The second tenure of Hamid Karzai, the enigmatic Afghan president, is coming to an end as presidential elections will be held early next year. He will become the first Afghan leader who will be replaced peacefully by a new leader. Who will replace him and what will be the political set up in 2014? Will the Taliban be part of the power-sharing arrangement or not? How long will the US government be willing to keep the Afghan set up alive by supply of bags of money through CIA? A US commentator poignantly observes, “Afghans have to be paid to fight; to not fight; to stop fighting if they are already fighting and to not start fighting if they are passive but restless. The whole country is a giant web of extortion and counter-extortion.” Will we help Afghanistan come out of this malaise or further confound its problems?
If Afghanistan is making a new beginning with a peaceful transfer of power, the story of Pakistan is also not much different. For the first time power will be transferred to a new civilian government through constitutional means. Will the elections be held or postponed to keep a political government at bay? With only one week remaining and the clear assurance of COAS Pervez Kayani one hopes that the dark clouds over elections will go away. Besides elections, the year 2013 is a year of transition in terms of the exit of key players of the power game in Pakistan as well. President Asif Zardari’s tenure ends in September while Kayani’s extended three-year term will end in November. The last important change will be in judiciary as Mr Iftikhar Chaudhary will retire as the Chief Justice in December. If these changes take place in accordance with law and accepted norms, institutional development will receive a big boost.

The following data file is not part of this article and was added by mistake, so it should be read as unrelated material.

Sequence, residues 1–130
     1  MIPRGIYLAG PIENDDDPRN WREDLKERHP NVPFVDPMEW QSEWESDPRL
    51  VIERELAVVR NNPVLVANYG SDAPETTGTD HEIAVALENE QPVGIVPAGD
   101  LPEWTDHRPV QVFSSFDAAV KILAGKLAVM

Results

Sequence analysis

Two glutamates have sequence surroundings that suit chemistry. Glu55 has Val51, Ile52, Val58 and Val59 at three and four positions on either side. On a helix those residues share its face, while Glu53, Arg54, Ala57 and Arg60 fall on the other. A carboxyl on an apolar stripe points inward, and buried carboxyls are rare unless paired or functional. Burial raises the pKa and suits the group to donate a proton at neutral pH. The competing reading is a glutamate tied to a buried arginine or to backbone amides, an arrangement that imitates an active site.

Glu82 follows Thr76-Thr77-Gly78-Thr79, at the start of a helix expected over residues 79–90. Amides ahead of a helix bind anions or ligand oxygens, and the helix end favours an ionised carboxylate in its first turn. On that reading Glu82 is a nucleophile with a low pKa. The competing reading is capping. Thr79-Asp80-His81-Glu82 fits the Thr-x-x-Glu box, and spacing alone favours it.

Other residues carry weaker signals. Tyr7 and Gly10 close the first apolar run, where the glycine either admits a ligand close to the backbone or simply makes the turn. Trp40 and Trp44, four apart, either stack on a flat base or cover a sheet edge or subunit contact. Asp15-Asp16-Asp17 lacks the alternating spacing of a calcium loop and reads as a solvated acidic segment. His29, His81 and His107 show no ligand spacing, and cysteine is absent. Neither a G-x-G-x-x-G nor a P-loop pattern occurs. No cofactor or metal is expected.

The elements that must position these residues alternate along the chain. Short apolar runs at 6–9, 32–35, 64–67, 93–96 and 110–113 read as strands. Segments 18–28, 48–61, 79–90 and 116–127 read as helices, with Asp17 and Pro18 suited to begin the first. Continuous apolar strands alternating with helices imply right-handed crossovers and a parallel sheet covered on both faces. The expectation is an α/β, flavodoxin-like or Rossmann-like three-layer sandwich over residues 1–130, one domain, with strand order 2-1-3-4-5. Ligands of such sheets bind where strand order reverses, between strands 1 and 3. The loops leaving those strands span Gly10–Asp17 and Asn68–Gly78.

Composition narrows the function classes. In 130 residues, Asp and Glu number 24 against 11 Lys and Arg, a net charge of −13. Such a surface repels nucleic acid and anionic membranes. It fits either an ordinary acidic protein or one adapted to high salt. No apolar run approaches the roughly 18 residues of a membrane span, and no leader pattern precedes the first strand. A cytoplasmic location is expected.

Who will head the next government? Perhaps this is not the right question. What is more important is to identify the challenges that Pakistan is facing and ask how the new government will address those. Pakistan needs immediate economic aid of nine billion dollars from the IMF to cushion its economy according to the Asian Development Bank’s country director. There is little likelihood of the IMF providing the loan unless tough and unpopular economic decisions are taken by the new government. Whoever is the new premier, the ever increasing existentialist threat of extremist militants will have to be taken seriously by the new administration. What if the Taliban refuse to acknowledge the sovereignty of the Pakistani state on its soil despite sincere peace offers by the new government?
Hope and fear are in the air. Which of the two will blossom and dominate the spring of 2014? Decisions made in this year’s spring will sow the seeds of what we will reap in future.
The writer teaches public policy in the UK and is the founding
member of the Rationalist Society of Pakistan. He can be reached at firstname.lastname@example.org